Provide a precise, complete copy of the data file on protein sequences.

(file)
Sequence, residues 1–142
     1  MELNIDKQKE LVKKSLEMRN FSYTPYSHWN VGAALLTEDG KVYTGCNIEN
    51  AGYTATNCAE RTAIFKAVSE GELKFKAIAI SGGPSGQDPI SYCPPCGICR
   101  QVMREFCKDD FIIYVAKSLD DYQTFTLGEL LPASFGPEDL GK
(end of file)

Sequence, residues 1–142
     1  MELNIDKQKE LVKKSLEMRN FSYTPYSHWN VGAALLTEDG KVYTGCNIEN
    51  AGYTATNCAE RTAIFKAVSE GELKFKAIAI SGGPSGQDPI SYCPPCGICR
   101  QVMREFCKDD FIIYVAKSLD DYQTFTLGEL LPASFGPEDL GK